The bhakris may also be served with another special dish from this region called ‘Jhunka’ which is a spicy mixture made from chana dal flour. A variety of mouthwatering spicy chutneys also often accompanies the flatbreads.
This reminds me of an authentic North Karnataka meal I had once in Bangalore. The ambience of the restaurant was pleasant and typical of a village with the dishes served in traditional utensils & dinner ware. The bhakris were made fresh right in front of us by a lady from the North region itself. An all you can eat buffet with the waiters more than happy and content to serve you a big helping of all dishes each time you went near the buffet table! The setting was so serene, the people so welcoming that one would automatically tune off the sound of traffic and be mentally transported amidst a velvety green field in some part of Northern Karnatak
Even with the vast difference in food and culture within the State, the common ingredient that ties both the North & South Karnataka is their love for simple and healthy food made from simple homegrown and locally available grains or vegetables.
This flatbread is to be served with another special dish of North Karnantaka – Badane Ennegai, eggplants in spicy tamarind sauce.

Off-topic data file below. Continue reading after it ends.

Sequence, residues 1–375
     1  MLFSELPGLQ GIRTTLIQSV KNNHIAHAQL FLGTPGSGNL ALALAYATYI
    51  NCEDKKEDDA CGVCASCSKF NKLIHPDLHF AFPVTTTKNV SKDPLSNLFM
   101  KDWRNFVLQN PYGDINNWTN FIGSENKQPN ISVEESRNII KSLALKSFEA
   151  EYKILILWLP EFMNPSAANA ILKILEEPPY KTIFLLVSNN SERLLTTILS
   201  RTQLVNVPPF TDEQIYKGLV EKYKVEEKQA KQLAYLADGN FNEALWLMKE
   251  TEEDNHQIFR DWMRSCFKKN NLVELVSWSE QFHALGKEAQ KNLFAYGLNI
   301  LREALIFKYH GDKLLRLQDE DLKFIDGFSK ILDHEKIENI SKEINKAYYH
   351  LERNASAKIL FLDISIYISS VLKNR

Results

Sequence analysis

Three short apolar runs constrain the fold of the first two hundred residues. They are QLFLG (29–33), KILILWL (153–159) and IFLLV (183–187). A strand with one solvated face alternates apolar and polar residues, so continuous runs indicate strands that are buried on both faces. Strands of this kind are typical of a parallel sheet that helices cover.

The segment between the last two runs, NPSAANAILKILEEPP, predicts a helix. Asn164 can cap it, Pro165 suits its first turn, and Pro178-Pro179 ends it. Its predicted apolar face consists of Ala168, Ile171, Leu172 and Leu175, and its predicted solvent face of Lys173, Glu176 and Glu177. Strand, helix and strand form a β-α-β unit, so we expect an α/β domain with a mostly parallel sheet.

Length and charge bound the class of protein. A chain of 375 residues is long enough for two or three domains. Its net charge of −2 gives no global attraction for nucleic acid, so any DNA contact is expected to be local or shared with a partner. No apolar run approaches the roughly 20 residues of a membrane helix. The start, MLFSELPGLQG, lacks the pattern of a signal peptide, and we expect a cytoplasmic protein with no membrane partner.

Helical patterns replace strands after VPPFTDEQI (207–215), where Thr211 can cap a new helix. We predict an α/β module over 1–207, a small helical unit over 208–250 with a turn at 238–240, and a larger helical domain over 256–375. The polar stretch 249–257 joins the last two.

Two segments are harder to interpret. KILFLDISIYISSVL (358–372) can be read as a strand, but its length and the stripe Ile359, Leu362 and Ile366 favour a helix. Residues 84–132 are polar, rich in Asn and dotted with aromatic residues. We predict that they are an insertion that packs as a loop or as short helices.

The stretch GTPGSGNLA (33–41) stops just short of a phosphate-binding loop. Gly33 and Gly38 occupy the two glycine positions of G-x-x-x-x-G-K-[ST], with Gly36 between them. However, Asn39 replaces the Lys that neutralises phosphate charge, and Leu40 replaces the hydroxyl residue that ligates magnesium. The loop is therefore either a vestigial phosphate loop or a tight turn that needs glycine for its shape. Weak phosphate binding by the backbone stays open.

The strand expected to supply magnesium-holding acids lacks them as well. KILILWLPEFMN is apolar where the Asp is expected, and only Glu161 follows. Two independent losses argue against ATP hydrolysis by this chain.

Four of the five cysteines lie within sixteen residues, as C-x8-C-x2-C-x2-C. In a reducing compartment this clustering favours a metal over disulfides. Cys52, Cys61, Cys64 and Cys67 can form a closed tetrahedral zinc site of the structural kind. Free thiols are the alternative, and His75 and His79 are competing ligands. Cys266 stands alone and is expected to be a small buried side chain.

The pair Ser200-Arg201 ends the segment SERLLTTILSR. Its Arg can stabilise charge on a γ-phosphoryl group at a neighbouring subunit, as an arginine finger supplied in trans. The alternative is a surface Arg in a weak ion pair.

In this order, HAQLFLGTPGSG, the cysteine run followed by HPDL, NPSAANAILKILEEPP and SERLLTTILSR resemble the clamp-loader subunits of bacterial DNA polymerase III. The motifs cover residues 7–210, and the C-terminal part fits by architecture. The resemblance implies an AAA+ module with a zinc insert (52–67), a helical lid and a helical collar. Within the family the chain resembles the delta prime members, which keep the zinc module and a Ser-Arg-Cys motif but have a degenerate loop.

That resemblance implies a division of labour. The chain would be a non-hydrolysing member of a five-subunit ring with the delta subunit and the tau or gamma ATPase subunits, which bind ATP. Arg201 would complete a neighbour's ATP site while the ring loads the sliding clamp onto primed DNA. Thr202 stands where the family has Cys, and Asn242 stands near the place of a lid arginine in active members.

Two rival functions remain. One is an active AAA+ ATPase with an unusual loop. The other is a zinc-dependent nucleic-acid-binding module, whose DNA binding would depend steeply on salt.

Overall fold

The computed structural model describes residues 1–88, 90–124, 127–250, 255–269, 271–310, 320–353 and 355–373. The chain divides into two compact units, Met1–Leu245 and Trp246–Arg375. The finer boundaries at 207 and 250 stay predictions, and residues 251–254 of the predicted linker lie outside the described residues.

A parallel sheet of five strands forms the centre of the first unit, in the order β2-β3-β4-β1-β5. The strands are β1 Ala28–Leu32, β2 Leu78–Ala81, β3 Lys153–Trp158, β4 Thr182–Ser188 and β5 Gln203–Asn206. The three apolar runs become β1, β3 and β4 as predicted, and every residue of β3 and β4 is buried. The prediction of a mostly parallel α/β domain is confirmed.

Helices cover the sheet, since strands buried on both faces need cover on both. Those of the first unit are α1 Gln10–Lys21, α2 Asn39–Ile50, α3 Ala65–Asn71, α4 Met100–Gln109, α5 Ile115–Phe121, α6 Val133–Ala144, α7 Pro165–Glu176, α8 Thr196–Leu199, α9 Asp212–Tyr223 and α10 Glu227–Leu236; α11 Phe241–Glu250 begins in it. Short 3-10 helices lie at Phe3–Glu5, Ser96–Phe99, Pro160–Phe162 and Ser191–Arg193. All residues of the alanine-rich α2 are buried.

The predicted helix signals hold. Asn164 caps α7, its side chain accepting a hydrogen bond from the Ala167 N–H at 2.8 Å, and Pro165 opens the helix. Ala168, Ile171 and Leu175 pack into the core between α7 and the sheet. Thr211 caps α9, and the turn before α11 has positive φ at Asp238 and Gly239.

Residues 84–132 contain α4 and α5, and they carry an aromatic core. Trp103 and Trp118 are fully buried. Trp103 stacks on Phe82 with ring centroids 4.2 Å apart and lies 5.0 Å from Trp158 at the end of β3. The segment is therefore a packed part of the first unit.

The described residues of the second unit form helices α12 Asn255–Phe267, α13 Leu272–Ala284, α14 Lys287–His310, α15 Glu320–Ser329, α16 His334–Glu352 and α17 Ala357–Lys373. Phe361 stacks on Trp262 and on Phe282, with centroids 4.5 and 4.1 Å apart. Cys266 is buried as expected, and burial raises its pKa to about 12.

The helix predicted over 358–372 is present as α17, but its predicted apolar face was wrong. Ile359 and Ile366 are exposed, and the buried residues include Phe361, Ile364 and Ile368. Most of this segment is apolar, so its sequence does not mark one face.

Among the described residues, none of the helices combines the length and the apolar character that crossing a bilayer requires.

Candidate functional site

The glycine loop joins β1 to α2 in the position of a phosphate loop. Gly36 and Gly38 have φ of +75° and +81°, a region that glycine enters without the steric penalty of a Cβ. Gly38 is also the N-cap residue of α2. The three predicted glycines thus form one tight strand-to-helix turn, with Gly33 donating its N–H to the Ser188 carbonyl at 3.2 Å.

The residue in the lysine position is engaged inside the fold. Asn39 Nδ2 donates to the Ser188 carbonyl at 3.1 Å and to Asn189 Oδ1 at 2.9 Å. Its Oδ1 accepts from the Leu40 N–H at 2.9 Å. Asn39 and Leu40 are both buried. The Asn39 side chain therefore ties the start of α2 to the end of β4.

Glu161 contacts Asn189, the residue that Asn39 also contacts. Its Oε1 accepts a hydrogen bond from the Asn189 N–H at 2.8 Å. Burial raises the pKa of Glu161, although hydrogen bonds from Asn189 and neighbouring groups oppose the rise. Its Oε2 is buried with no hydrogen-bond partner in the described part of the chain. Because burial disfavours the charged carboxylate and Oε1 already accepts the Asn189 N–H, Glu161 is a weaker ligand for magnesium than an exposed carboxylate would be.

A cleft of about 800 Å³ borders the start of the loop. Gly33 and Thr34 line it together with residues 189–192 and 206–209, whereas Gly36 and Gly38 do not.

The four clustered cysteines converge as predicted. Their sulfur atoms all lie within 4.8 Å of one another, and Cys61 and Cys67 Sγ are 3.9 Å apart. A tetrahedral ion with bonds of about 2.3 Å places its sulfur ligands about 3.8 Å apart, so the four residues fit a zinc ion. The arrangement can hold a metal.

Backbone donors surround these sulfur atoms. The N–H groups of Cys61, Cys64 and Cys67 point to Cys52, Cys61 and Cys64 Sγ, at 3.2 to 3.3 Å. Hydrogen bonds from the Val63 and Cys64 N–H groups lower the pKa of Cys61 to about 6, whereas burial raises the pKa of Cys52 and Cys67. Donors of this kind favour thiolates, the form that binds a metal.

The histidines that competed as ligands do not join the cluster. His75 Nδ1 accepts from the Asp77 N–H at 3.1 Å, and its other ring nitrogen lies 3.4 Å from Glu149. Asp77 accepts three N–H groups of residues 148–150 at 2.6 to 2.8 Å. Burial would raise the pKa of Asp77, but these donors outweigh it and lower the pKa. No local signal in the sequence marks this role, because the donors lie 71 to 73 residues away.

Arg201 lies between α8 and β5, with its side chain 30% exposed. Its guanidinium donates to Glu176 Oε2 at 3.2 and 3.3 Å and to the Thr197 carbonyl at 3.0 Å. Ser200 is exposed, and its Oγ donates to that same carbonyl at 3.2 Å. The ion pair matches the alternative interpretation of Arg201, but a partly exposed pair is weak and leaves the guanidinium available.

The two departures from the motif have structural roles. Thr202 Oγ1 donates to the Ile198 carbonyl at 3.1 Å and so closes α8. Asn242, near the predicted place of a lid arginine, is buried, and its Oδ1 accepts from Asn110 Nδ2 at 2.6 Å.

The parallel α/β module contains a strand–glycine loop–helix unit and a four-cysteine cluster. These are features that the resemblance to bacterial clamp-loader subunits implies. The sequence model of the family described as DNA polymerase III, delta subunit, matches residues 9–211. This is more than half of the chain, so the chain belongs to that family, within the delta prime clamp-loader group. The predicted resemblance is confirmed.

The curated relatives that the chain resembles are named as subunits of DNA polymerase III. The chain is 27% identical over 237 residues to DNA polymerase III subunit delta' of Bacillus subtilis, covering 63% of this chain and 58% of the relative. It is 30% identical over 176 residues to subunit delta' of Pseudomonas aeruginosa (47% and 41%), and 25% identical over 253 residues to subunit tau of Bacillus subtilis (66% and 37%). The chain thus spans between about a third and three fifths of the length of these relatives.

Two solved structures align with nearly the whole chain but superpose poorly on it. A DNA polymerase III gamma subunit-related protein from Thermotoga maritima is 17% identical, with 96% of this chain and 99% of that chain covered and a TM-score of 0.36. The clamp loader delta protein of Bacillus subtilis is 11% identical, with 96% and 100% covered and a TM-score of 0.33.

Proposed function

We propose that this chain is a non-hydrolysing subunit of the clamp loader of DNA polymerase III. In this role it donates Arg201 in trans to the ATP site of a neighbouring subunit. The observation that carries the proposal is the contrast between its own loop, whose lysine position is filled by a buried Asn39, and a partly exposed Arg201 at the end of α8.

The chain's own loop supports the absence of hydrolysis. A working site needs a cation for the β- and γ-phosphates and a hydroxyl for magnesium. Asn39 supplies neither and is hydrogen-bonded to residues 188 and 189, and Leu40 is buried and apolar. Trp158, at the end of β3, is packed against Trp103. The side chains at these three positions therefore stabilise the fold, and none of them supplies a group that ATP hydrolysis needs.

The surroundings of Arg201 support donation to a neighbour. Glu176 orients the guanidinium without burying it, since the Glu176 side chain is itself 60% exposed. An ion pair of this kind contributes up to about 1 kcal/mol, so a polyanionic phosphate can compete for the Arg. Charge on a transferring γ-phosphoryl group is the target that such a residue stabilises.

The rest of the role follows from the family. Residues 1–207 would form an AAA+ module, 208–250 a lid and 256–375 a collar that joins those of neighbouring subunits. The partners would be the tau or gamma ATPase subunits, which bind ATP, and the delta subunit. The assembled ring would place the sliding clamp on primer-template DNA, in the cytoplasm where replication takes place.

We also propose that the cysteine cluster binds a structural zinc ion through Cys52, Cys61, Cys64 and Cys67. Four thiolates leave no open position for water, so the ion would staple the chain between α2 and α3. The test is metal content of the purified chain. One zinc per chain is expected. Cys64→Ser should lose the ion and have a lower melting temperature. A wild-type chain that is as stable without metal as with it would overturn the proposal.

Jowar flour flatbreads of North Karnataka
- Jowar Flour (Sorghum Flour – 500 gms ( ½ kg ))
- Salt – to taste
- Red Chilli Powder (optional – ¾ tsp)
- Warm water – as required to knead into a dough
- A little jowar flour for dusting
- Few drops water to cook rotis
- Badane ennegai
- Fresh white butter
- green chillies
- In a mixing bowl put the jowar flour, salt, chilli powder. Mix lightly.
- 2) Gradually add in some warm water a knead into a slightly stiff dough. Cover with a wet cloth ansd set the dough aside for 20 mins.
- 3) Then knead once again and divide into big lemon sized balls. This quantity should yield about 12 portions approx depending on the size.
- 4) Place the dough on a floured flat surface such as a marble rolling board, flatten it and roll out/ spread the dough with your palm into a thin flat discs. Dust with flour in between if it sticks.
- If you find it difficult to remove and transfer to pan, lightly grease the surface before you roll out the dough.
- You may also place the portions on a lightly greased clean plastic mats (specially meant to roll out rottis etc) and dust with some flour and roll out.
- 5) Carefully transfer onto a hot iron tava/ iron griddle and cook over medium heat.
- When the bottom side of the roti turns slightly dry, sprinkle very little water on the upper side and press with a cloth and continue to cook until the water evaporates very slightly.
- Then flip and cook the other side till done. Keep pressing with a cloth so that the rotis puff up in some places. When cooked, brown spots appear on both sides.
- Serve hot!